Hello family, friends, and supporters. This past weekend, April 21-22, I completed my 6th MS150, biking 170 miles from Houston to Austin over two days. I started riding 6 years ago in 2007 after my friend was diagnosed with MS. Since then, I’ve raised a total of $7670 for the MS Society. Wow! Thank you so much for supporting me over the past 6 years. Sally, this is for you! This year I’ve set a personal record fundraising total of $1850. This is amazing, thank you again.
The MS150 has become part of my life every spring. I started biking in late 2006 on a hybrid bike to share a hobby with my husband, and also to train for the MS150. I still remember my first long charity ride, the Tour de Donut, in the fall of 2006 when I was the very last cyclist to come in. The SAG wagon followed me the whole way in. Since then I’ve improved a little more every year and this year I feel like a true cyclist. In 2007, I rode only about 300 miles before the MS150, but this year in 2012, I rode about 1300 miles before the MS150.
So, now that the 2012 MS150 is complete, how was it, you ask? It was marvelous. I had an amazing time on the road over the weekend. We biked 100 miles from Houston to La Grange on Saturday in some intense crosswinds and headwinds of 20-30 mph. The weather, however, was beautiful, in the 60s and 70s for most of the day and perfectly clear and sunny. We left Houston around 6:45am and arrived in La Grange around 4:20pm. On Sunday, we biked from La Grange to Austin, a total of 71 more miles. The weather was perfect with a light breeze, temperatures in the 70s and hitting the low 80s. It was sunny and clear and beautiful. We left the starting gates at 7:30am and arrived in Austin at 2pm. In Austin, my sister came to greet me and cheer me on as I triumphantly crossed the finish line.
I’ve been cycling almost every Saturday since January with the Schlumberger Cycling Club (SCC) and 3 of the friends I’ve been training with stayed with me for the whole ride this past weekend. With a pace-line of 4 of us on Saturday, we tackled the winds with ease. There was one section of headwinds where I was leading the pack, pulling, and I looked behind me to see about 50 cyclists following me in my wind-shadow. I was highly amused. A couple members of my group had a crash early on Saturday morning when we tried to bike in an echelon formation, but they both were able to get back on their bikes. If you are going to crash on the road, I would definitely recommend doing so in front of the whole EMS cycling team. The EMS were wonderful!! They stopped and had their gauze out before the downed cyclists could even stand back up again. Thank you so much, EMS. We were able to skip some of the morning’s rest stops and made it to lunch in Belleville around….11am I think. Our SCC team has a tent complete with chairs for us to sit down and eat lunch, snacks, and of course liquids to fill our water bottles and camelbaks. It sure is nice to be able to sit in a chair rather than on the ground like so many others are forced to do. Thank you SCC volunteers!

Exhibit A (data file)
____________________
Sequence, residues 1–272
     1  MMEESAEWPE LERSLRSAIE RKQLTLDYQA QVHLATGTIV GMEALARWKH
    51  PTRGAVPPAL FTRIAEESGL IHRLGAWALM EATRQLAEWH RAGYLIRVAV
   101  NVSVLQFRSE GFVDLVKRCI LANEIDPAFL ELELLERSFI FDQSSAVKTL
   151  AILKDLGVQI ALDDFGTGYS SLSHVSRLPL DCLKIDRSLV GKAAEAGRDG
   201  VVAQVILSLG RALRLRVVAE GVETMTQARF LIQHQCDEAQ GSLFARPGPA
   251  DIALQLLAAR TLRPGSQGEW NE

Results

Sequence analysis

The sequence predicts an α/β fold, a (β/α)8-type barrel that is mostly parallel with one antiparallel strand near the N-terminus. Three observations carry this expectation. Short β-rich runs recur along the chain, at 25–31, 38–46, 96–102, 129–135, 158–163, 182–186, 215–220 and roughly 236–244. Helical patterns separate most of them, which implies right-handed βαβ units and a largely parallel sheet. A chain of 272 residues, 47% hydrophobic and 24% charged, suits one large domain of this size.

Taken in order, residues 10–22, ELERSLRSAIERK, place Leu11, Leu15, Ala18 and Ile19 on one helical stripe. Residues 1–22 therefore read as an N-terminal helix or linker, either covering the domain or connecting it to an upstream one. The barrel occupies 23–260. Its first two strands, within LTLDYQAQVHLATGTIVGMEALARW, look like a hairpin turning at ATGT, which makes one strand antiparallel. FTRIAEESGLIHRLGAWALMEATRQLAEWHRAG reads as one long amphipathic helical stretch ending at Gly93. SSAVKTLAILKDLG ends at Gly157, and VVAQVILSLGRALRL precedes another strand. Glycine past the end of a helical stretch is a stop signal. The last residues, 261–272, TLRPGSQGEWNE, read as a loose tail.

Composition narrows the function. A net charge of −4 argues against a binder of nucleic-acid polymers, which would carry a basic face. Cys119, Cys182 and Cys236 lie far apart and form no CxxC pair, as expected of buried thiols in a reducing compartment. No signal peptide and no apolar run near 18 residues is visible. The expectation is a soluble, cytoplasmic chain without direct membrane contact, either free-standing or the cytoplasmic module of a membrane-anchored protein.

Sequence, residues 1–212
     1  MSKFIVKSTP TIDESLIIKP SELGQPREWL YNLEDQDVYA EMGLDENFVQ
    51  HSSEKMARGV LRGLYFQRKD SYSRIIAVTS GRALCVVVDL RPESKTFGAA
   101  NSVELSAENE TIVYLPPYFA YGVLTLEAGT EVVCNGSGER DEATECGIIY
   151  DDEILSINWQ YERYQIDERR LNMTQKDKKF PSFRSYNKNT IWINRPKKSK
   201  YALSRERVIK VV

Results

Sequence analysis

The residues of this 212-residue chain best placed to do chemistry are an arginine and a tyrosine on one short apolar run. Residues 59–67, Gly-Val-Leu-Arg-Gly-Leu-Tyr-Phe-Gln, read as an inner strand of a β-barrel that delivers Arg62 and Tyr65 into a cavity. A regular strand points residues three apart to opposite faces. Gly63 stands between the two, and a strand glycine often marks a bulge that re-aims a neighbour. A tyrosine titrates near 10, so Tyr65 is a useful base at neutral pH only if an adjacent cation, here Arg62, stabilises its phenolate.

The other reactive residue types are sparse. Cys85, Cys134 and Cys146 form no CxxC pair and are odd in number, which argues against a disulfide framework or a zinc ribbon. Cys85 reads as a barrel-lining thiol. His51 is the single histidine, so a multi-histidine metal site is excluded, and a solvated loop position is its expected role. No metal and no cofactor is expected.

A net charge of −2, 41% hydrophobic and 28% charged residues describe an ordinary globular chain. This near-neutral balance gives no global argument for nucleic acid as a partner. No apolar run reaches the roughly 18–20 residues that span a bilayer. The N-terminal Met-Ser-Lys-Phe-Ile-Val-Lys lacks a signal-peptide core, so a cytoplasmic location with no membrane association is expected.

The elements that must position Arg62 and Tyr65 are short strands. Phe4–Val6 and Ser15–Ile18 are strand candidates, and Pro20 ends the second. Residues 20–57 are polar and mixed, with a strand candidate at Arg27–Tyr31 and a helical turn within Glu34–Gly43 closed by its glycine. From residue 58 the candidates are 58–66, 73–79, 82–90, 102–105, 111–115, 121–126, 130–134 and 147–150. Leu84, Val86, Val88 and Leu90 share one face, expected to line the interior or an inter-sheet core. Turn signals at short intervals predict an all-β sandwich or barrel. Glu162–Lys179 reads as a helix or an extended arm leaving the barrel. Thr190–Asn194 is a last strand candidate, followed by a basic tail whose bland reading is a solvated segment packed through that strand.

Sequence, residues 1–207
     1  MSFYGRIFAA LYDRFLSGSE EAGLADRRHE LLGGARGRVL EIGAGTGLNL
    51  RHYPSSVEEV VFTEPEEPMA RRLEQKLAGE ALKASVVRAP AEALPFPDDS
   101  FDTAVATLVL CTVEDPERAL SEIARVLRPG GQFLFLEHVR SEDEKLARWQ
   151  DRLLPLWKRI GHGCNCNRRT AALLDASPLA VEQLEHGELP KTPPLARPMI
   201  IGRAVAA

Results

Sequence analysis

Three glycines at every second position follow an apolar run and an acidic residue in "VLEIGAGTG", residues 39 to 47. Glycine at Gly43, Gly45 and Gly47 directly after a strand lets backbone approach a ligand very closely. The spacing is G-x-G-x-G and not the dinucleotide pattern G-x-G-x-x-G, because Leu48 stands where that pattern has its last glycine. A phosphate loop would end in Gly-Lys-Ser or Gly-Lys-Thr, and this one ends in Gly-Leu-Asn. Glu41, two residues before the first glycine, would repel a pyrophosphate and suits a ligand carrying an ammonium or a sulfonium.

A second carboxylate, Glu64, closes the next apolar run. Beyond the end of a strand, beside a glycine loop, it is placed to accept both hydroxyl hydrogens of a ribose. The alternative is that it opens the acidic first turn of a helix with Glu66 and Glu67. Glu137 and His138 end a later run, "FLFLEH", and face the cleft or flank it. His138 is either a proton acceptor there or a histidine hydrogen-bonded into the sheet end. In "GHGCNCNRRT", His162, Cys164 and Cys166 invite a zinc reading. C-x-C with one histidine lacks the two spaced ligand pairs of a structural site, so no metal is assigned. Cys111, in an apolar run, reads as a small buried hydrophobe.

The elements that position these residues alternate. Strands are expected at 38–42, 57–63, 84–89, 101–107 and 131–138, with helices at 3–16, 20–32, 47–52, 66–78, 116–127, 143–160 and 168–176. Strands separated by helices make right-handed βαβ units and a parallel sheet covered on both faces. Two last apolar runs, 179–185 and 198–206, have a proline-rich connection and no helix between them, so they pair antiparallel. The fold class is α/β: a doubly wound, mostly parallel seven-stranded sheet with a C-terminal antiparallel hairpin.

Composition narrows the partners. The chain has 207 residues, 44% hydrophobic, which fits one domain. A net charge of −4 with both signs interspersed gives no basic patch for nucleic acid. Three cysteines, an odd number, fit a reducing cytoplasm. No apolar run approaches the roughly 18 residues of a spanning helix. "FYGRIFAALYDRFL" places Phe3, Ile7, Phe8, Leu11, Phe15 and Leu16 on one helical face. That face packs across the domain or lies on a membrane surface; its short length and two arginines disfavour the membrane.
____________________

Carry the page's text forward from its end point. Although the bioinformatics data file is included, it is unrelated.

We hung out at lunch for about an hour before getting back on the road only to find the traffic through Belleville had come to a complete stop. It took a little while to get through because of all the buses, trucks, cars, and of course cyclists. The police, however, did an excellent job getting everyone moving and where they needed to go. Thank you police!! After lunch we had a decent stretch of road where the cyclists actually thinned out enough for our pace-line of 4 to become the textbook example of how a paceline should work. The cyclists in the front takes the brunt of the wind, and pulls the rest of the team behind while they draft. Depending on the winds, after some amount of time or distance, the lead cyclist “bumps off” and moves to the back of the line. The second in line now takes the lead and pulls while the former leader gets the maximum draft benefit in the back of the line. And we just move through in that formation. It was amazing. Thank you, Patty, Bill, and Keith for being part of my group. I had an absolutely great time cycling with you!
Eventually, we passed through my favorite town, Fayetteville, where the whole entire town comes out on their front porches to cheer, blow bubbles, dance, play music, and anything else you can think of to support us. I always get all choked up inside when I cycle through this town and realize how many people are out there to support us and our cause. Thank you Fayetteville!! After the town, we made a turn straight into the wind and for about 12 miles we started struggling to beat the wind. It was nice, though, to look off to the side of the road and see fields of wildflowers smiling back at us and urging us on as we battled the wind. And finally, we made our last turn towards La Grange. For 6 miles we had a glorious tailwind that pushed us to La Grange at speeds of 25mph! I love a good tailwind.